Riverside-Brookfield High School is considering offering a new class in fitness and nutrition, but school board members are concerned that it will be known as the “fat class” and that students in the class could be stigmatized.

The proposed class would be a one semester elective that would be part of the school’s physical education and health program.

“We have a lot of students who say that they are unhappy with their weight,” said Laura Drzonek, chair of RB’s Physical Education and Health Department.

Childhood obesity is a problem that is turning into an epidemic according to a rationale for the course presented to the school board. The rationale cites a study by the Center for Disease Control that says that 16 percent of the youth in the United States are considered obese.

Students with weight problems often have a negative body image which affects their self esteem and emotional health, according to Drzonek.

The class would focus on nutrition and teach students about healthy eating, eating disorders, and ingredients. It would also educate students about the need for regular exercise and teach them about the connection between nutrition and fitness.

At the beginning of the class, students would receive a personal fitness assessment which would result in a 15-page report on their health. Then students would be given a customized exercise program and nutritional recommendations based on their report.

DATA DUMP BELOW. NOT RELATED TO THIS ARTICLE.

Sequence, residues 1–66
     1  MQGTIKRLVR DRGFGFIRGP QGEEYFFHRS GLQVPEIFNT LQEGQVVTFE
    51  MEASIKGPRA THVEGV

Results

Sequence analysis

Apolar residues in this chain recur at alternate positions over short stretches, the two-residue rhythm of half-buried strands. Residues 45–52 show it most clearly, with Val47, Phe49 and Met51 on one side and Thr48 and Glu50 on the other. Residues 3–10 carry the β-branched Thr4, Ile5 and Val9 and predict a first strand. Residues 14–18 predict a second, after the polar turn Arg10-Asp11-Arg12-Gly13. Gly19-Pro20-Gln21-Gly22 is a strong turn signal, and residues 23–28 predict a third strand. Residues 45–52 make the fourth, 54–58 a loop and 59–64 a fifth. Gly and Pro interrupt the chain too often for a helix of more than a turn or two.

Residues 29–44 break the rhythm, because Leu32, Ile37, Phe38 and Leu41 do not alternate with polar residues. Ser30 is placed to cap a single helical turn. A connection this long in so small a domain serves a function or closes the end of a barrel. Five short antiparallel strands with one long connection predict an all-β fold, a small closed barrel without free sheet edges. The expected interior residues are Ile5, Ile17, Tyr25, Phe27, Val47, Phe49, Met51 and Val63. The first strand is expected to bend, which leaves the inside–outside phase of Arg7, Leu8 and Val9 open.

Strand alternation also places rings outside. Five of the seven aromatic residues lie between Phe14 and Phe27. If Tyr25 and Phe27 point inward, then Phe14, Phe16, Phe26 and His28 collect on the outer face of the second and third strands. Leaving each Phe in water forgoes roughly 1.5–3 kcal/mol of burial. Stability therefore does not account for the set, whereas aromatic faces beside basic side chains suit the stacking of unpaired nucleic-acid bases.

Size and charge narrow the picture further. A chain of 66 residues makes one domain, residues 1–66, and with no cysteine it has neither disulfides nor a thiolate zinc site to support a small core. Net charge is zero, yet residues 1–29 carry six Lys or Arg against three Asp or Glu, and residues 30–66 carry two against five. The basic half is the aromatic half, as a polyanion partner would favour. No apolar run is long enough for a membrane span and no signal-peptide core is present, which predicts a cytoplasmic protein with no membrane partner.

The class would be offered during the fourth-hour lunch period, and students would have an option to eat in the classroom rather than in the cafeteria, where they might be tempted by unhealthy foods or teased for eating an orange and a salad while their classmates are wolfing down a burger and fries or nachos.

The rationale for the course says that while any student may enroll, guidance counselors or the school nurse may suggest the class to students. That suggestion set off alarm bells among nervous school board members, who worried that staff members should not get involved in such personal matters with students.

“We’re overstepping our boundaries,” worried school board member Bill McCloskey.

RB Principal/Superintendent Jack Baldermann acknowledged the class was a bold step.

“It’s out there; it’s risk taking,” said Baldermann. “I really think it’s a bold initiative that is student-centered.”

School board members were concerned about the ramifications of staff making suggestions to individual students that they should take the class. But Drzonek said that the school nurse should be involved, because obesity is a health issue and that counselors could appropriately suggest the class. She noted that sometimes students break down in tears talking to their guidance counselors about their weight and negative self-image.

The course might also appeal to athletes who are concerned about using nutrition to advance their fitness, and might also be of interest to students interested in gaining weight in a safe and healthy way.

School board members appeared more comfortable about the class if they could be assured that the class would be open to everyone and would serve a variety of students, not just those that were overweight.

The school board took no official action on the proposed course at its special Nov. 29 meeting, where the class was discussed.